Getting started with sustainability

SIMBY means “sustainability in my backyard.” It’s a blog about sustainability written by Sean Enns and Lisa Hemingway.

While we’re talking, let’s all agree that this is about “lower-case s” sustainability. Before we go too much further, it’s an important distinction to make.

“Capital S” sustainability is a big deal. It’s food and water for everyone, grown in a way that encourages future growth. It’s the balance of urban sprawl and agriculture. It’s harvesting energy without fossil fuels, without harming the environment. It’s stopping the melting of the polar ice caps, and sending lifeboats for the polar bears stranded there.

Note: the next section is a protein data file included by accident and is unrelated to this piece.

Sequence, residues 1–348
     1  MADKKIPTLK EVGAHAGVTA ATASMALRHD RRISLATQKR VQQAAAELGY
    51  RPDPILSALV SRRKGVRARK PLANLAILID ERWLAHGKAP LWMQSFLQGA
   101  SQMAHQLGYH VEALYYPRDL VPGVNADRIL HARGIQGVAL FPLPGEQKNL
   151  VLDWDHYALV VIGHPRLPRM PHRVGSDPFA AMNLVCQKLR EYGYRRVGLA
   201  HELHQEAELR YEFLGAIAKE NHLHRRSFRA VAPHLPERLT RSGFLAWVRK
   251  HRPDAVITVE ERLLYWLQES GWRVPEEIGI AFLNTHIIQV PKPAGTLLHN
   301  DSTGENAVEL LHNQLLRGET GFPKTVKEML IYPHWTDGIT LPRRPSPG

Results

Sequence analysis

And that kind of sustainability is being talked about already. People like David Suzuki, Joel Salatin, William McDonough, and a host of other globally-recognized thought leaders are having the big conversations.

That’s not what this is about. We don’t expect everyone to go out tomorrow, and buy Teslas. We don’t want you to quit your job and join Greenpeace, or PETA, or go vegan. Not because you shouldn’t, but because you shouldn’t have to. Because if you’re good at what you do, and what you do isn’t fracking, or something else that’s keeping the rest of us from moving forward, then the world needs you right where you are.

In spite of any evidence to the contrary, I believe that most of us want to recycle, buy locally, or start a vegetable garden. We want to eat plants and animals that were grown responsibly, and ethically. We want to buy less stuff made in China, and buy more stuff made by people we know, or maybe just buy a little bit less. Starting in our backyards, we all do what we can, and aim higher. We embrace guilt-free sustainability.


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